CNN, deep learning algorithm, which takes in an input image, then assign importance such as learnable weights and biases to various objects in the image, hence able to differentiate each object in the image one from the other. In CNN architecture the connectivity patterns of neurons is similar to that of the connectivity patterns in human brain [ref]. But the response of individual neurons is restricted only to certain region of the visual field, called as receptive field. Collection of such fields overlap to cover the entire visual area [ref]. The main aim of CNN is to convert image to a form suitable to process, without losing features critical for obtaining good prediction.
The kernels used in the convolutional layers plays very important role in feature extraction and the classification of images. In order to identify the role of kernels in determining the accuracy, pre-trained networks VGG16 and Alexnet is compared. VGG16 with five group of convolutional layers, where each convolutional layer has 3-by-3 kernels is able to give an accuracy of 95.25%, in a processing time of 1703 minutes. It is because of the deep 41 layers of VGG16.
For the analysis 1200 random samples of images from LIDC-IDRI dataset is used, where 695 images were used for training the network and 505 images for validation. Figure 1 shows the accuracy and loss plot of VGG16 network. The confusion matrix shows the true positive, true negative, false positive and false negative which is easy for the analysis. From the analysis true positive gives the correctly classiﬁed lung cancer images and false positive gives the misclassiﬁcation of images, means that the lung cancer is wrongly predicted as non-cancerous image. From the four categories we are able to calculate the sensitivity and speciﬁcity of the networks. Confusion matrix is used to identify how many images are depicted correctly and incorrectly as nodule image or non-nodule image i.e. for easy analysis. Figure 2 shows the confusion matrix of VGG16 network.
From the 268 nodule image set VGG16 classiﬁes 250 images as nodule image itself and 18 images as non-nodule images and out of 237 non-nodule image it classiﬁes 234 as non-nodule and 3 as nodule image.
Alexnet with three group of convolutional layers, where each convolutional layer has different sized kernels, 11-by-11 for the first, 5-by-5 for the second and 3-by-3 for the third group of convolution is able to give an accuracy of 86.93%, in a processing time of 44 minutes. It is because of the lesser 25 layers of Alexnet. Figure 3 shows the accuracy and loss plot of Alexnet.
Figure 4 shows the confusion matrix of Alexnet, where from the 268 nodule image set Alexnet classiﬁes 228 images as nodule image itself and 40 images as non-nodule images and out of 237 non-nodule image it classiﬁes 211 as non-nodule and 26 as nodule image.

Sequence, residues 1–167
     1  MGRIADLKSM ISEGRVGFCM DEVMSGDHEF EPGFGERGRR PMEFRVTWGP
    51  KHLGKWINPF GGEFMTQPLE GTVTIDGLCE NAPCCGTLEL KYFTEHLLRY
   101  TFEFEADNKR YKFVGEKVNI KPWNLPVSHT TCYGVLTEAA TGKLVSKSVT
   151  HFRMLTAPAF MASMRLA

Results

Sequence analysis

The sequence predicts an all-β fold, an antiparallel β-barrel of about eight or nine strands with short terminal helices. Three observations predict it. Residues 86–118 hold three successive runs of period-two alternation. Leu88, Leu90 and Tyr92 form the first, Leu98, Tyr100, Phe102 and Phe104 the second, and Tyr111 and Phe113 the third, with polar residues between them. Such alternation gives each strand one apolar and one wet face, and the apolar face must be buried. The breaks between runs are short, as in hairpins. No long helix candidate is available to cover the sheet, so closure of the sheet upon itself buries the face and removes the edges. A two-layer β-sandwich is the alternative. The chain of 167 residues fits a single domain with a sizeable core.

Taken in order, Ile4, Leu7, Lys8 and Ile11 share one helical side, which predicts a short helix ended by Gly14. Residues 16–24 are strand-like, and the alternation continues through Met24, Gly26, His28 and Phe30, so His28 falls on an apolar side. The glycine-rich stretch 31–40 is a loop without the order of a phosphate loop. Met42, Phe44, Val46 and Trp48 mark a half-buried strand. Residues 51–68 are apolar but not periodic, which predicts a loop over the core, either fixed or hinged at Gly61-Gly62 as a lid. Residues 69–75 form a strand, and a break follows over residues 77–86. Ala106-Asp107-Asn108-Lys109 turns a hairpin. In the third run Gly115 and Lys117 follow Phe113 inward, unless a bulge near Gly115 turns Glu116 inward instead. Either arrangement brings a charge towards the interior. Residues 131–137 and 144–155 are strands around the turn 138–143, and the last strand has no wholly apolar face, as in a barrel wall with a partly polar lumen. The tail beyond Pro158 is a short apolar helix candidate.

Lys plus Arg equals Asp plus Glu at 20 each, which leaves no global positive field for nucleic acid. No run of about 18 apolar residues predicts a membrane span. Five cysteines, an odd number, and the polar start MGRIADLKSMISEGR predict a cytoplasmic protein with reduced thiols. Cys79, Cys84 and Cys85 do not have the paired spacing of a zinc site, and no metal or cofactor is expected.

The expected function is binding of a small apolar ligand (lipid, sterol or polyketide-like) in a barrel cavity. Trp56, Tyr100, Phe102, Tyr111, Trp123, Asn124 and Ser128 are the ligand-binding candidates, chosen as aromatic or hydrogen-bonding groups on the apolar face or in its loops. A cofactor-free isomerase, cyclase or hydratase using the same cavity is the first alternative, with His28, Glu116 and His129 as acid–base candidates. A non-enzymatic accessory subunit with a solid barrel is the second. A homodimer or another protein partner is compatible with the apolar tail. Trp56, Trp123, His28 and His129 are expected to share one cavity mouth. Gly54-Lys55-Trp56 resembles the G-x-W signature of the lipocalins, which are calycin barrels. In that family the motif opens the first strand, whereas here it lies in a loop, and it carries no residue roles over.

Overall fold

Based on the inference obtained new image-net is designed with 5 group of convolutions in each group 5-by-5 sized Laplacian of Gaussian (LoG) kernels are used for convolutions. Usually 3-by-3 or 5-by-5 sized kernels are used for convolution as its performance is more accurate than large sized kernels, where there exist chance of losing features. LoG kernels are used, as laplace operator may detect edges as well as noise, desirable to smooth the image first itself by convolution and then suppresses the noise before detecting the edges. Hence as compared with other kernels helps in accurate feature extraction and classification of images. Designed image-net is a simple serial network with minimal processing time than Alexnet and accurate as VGG16. Figure 5 shows the newly designed network architecture.
Convolutional Layer, Pooling Layer, and fully connected layers are used to build the new CNN. Also ReLU layer is used for the activation functions. Raw input image (CT images) is used as the input to the CNN and the hidden CONV layer computes the output of neurons that are connected to the local regions in the input. ReLU layer applies an element wise activation function and leaves the size of volume unchanged. Pooling layers perform max-pooling function to convert different sized features to unique sized features for easy performance. The class scores will be computed by fully connected layers. Hence as shown in figure 6, designed network is able to give an accuracy of 96.44%, in a processing time of 23 minutes.
Figure 7 shows the confusion metrics of designed network, from the 268 nodule image set the designed network classiﬁes 257 images as nodule image itself and 11 images as non-nodule images and out of 237 non-nodule image it classiﬁes 230 as non-nodule and 7 as nodule image.
Table 1 describes the comparison of three networks, Alexnet, VGG16 and the designed network based on their performance in terms of Accuracy, Sensitivity, Specificity and Processing Time. The designed networks performs well compared with pre-trained CNN models both in terms of accuracy and processing time for the classification of image as nodule and non-nodule images.
Conclusion and Future Work
A convolutional neural network based system for the classification of images as cancerous or non-cancerous image using lung CT image is developed. Lung image with diﬀerent shape and size of cancerous tissue has fed at the input for training the system. The proposed system was able to detect the presence and absence of cancerous cells with 96.44% accuracy, 95.89% sensitivity and 97.04% speciﬁcity in 23 minutes in single CPU workstation.
In near future, the system will be trained with large dataset of multi-resolution images to diagnose the type of cancer with its size and shape. The overall accuracy of the system can be improved using false positive reduction and improving the number of hidden neurons with deep network.